You might be able to climb Vesuvius and visit the Amalfi Coast in one day, but it will be a lot of travelling and it’s probably better to choose one to visit instead.

Naples Underground

entrance to naples underground

One of the quirkier and more fascinating things to do in Naples is to visit Naples Underground, a series of tunnels underneath the city.

It’s an incredible experience delving beneath the surface of the city and exploring an area that’s been part of the city for over 5000 years!

There isn’t another attraction like it in the city and you’ll be taken on a tour through the tunnels that feature aqueducts, Roman and Greek artefacts and discover what it was like to be in the tunnels during the Second World War when they were used as air raid shelters.

Naples has plenty of charms at ground level, but there’s a lot to see below ground and you’ll be blown away by how big and extensive the area beneath the city is!

Mount Vesuvius

atop Mount Vesuvius looking into the cone of the volcano

If you’re not an outdoors person, I’d skip hiking Vesuvius as you might not enjoy it. Especially, as it takes a while to get there and back.

You’ll need to book a ticket in advance and then get a train to Pompeii before hopping on one of the shuttle buses that take you up mainland Europe’s only active volcano to the starting point.

I did this and regretted not booking a transfer as it would have made it much easier to get there and back. You also need to bear in mind your ticket has a time limit for entry, so if you get there late, you might not be able to enter.

The hike up Vesuvius is easy enough and will take you around 20 to 30 minutes. You’ll get some incredible views of the volcano, the coast and Naples itself from the top.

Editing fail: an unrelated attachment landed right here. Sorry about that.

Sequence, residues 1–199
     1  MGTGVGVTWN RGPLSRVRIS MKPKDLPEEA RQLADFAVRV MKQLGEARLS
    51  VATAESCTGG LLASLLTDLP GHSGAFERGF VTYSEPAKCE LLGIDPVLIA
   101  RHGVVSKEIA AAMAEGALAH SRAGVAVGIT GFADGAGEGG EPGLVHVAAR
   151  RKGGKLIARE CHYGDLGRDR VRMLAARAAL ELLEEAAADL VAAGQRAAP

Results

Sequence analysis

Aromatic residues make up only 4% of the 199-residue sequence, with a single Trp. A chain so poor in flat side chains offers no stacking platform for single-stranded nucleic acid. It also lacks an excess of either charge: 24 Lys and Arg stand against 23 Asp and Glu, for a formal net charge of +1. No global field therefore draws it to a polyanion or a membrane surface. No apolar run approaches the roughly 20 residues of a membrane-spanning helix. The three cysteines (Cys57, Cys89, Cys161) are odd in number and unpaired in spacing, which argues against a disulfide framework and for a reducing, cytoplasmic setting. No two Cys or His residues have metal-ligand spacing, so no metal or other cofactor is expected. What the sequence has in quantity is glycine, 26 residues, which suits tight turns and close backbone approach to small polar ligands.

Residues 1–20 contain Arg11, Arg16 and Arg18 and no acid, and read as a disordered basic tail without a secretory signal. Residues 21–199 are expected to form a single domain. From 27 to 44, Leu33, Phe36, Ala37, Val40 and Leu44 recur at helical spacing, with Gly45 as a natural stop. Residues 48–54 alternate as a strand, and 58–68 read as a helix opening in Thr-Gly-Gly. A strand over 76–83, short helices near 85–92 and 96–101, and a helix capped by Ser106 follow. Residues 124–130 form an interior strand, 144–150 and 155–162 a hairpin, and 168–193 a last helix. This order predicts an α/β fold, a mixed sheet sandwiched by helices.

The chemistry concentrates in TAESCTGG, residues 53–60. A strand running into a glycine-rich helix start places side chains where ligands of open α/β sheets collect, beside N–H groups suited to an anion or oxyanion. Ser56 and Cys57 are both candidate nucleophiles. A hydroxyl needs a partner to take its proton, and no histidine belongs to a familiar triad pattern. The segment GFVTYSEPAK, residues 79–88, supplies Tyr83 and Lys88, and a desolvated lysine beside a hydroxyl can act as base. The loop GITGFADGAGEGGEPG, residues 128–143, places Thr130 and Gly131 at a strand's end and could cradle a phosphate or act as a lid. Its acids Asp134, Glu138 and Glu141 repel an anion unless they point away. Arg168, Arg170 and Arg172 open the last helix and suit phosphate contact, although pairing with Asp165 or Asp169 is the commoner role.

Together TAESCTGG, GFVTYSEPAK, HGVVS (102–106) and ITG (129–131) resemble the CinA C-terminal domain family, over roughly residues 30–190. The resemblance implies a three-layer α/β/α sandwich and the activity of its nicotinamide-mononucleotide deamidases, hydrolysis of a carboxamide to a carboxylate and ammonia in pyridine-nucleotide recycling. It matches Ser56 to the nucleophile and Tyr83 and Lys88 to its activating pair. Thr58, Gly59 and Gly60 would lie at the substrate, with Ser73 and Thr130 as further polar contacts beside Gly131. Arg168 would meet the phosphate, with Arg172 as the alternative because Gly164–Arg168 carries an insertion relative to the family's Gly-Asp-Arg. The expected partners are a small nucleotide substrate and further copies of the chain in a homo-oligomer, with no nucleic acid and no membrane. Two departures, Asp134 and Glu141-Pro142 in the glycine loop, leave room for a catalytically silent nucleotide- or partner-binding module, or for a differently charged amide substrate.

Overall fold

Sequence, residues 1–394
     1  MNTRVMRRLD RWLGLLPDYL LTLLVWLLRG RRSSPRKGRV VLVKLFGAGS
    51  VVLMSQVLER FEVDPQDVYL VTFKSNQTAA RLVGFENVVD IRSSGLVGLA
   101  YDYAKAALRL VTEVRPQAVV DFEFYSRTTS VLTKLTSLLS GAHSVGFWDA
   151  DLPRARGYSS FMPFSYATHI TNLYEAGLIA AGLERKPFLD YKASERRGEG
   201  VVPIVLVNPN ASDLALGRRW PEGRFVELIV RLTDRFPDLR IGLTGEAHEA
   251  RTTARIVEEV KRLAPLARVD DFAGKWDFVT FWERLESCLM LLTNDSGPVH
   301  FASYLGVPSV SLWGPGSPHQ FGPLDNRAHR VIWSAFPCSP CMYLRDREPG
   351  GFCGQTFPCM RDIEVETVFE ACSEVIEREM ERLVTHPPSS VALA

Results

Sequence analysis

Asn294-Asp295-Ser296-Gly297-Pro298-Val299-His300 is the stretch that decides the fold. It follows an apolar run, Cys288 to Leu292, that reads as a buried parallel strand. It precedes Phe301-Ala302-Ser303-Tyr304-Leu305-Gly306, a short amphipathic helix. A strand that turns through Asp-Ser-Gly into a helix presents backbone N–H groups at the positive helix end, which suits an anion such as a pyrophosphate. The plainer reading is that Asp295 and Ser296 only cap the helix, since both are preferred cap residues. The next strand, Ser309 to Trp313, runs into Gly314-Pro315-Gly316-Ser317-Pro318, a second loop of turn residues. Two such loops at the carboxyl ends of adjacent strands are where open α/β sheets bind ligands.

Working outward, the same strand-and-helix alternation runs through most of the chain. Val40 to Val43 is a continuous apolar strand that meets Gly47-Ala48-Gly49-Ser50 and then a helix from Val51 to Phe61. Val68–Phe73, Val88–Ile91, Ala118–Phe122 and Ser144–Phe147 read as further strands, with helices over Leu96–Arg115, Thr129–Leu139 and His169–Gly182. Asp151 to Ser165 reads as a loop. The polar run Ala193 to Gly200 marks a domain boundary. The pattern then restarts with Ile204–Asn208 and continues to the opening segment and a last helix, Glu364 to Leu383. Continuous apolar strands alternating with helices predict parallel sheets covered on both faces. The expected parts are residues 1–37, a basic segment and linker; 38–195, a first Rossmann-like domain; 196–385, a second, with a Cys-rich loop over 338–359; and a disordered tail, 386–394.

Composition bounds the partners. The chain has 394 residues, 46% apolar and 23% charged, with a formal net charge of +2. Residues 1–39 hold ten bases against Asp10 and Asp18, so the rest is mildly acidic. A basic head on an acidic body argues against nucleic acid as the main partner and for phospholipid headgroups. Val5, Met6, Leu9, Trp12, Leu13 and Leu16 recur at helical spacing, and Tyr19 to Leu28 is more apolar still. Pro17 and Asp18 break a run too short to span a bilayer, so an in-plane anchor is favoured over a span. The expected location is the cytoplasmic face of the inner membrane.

But I did feel it was a bit underwhelming when I was at the top. The views are spectacular, but other than looking into a giant cone, there’s not an awful lot else to do.

Amalfi Coast

Town of Amalfi on the Amalfi Coast

If relaxing at the beach is your idea of fun, a day trip to one of the towns on the Amalfi Coast is a must.

There are plenty to choose from but the easiest to get to is probably Sorrento, as you can jump on a train from Napoli Centrale Station, which will take you straight there.

Another option is to rent a car and drive down to the coast. This is a good idea if you want to see a few places. This is one of the best European road trips, and its short length means you can see a lot of it in one day.

Another option is to visit the island of Capri, which while not on the Amalfi Coast is in the vicinity and is another beautiful spot to check out.

If you have time, it’s worth booking an extra day or two to discover the area and spend more time there, as it’s a beautiful part of Italy!

Other Places to Visit in Naples

exterior of the royal palace in Naples

If you’re looking for more places to check out during your three days in Naples, check out some of the suggestions below:

  • Stadio Diego Maradona – This is the home of Napoli and is a must-visit if you’re a football fan. I recommend trying to arrange your trip to coincide with a match so you can experience the atmosphere inside the stadium. If you can’t, a guided tour is a good alternative! Book Your Tour Now!
  • Pizza-making class – Naples is the home of pizza and you’ll many great places to eat it in the city. But why not learn how to cook this delicacy the Neapolitan way? This cooking class will show you how! Book your class now!